Yesterday afternoon, a bipartisan congressional delegation reaffirmed the U.S. commitment to the Global Fund to Fight AIDS, Tuberculosis and Malaria, announcing their intent to invest $4.68 billion over the next three years.
Each year on the first of December, World AIDS Day, a red ribbon hangs on the North Portico of the White House to commemorate the 35 million people who have lost their lives to the disease. This year, advocates and public health experts will be hoping the country continues not just that symbolical gesture, but the U.S. commitment to investing in the continued fight against AIDS worldwide.
When world leaders came together in September, they committed the resources to put the Global Fund on track to fund its plan to help save 8 million more lives and prevent 300 million new infections by 2020. Answering the call of advocates across the country, the U.S. government made a matching pledge of up to $4.3 billion, committing to invest $1 for every $2 from other donors.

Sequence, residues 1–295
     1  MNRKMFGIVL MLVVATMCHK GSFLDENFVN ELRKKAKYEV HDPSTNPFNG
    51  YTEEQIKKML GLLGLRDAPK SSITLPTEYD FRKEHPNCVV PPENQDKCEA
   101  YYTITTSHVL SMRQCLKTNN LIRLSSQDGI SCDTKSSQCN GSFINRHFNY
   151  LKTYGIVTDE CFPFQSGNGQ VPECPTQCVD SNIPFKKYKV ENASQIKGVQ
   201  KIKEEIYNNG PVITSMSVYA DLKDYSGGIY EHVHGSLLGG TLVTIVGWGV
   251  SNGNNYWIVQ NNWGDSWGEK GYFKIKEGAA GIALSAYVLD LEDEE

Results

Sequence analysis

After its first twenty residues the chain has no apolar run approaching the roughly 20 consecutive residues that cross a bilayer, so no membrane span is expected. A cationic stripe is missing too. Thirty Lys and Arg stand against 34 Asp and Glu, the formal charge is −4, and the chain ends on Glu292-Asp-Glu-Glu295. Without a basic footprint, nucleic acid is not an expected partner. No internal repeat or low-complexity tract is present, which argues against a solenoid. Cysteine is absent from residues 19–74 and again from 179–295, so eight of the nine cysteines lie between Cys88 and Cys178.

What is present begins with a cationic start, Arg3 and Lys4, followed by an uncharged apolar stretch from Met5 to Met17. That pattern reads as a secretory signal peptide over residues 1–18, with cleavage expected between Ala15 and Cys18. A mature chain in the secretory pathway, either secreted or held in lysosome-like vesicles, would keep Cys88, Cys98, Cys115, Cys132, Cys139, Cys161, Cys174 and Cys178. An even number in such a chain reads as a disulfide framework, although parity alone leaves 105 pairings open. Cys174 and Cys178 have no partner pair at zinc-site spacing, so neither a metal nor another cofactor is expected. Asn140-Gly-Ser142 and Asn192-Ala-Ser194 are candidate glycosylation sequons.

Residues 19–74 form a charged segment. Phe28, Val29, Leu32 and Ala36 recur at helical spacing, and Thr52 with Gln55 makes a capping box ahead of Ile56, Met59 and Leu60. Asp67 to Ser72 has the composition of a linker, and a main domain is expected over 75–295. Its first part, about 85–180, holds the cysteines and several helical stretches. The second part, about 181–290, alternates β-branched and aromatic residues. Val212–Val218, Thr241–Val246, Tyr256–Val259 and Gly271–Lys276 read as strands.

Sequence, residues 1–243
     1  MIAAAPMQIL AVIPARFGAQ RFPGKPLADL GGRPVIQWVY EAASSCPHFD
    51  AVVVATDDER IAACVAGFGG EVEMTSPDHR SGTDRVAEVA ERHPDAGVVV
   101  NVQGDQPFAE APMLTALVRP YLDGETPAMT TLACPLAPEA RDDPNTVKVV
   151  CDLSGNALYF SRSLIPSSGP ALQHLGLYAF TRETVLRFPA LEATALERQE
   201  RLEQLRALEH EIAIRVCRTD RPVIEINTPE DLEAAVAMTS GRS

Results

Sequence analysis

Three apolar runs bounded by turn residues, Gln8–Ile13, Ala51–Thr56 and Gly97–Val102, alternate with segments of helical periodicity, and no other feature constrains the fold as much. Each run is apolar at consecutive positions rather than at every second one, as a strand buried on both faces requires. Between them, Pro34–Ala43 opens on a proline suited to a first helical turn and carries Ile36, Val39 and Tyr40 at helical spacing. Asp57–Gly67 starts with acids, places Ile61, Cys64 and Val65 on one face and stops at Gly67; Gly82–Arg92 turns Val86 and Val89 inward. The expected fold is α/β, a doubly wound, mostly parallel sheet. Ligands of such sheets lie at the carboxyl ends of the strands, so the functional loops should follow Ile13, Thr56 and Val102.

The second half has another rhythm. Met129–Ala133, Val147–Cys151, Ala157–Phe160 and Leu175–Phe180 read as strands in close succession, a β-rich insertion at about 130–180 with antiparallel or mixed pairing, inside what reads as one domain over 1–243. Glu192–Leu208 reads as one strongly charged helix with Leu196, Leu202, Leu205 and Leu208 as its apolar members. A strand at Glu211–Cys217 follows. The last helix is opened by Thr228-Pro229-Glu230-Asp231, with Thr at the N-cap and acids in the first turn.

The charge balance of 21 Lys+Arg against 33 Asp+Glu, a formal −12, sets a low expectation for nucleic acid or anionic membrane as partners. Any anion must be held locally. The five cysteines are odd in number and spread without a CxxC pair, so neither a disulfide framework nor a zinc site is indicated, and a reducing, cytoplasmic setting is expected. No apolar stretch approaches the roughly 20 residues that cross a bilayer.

The infectious disease that claims the most lives in the world today doesn’t make headlines. It’s a stealth killer that’s been around for thousands of years but still makes nearly 10 million people sick annually. It also happens to be a major cause and consequence of global poverty.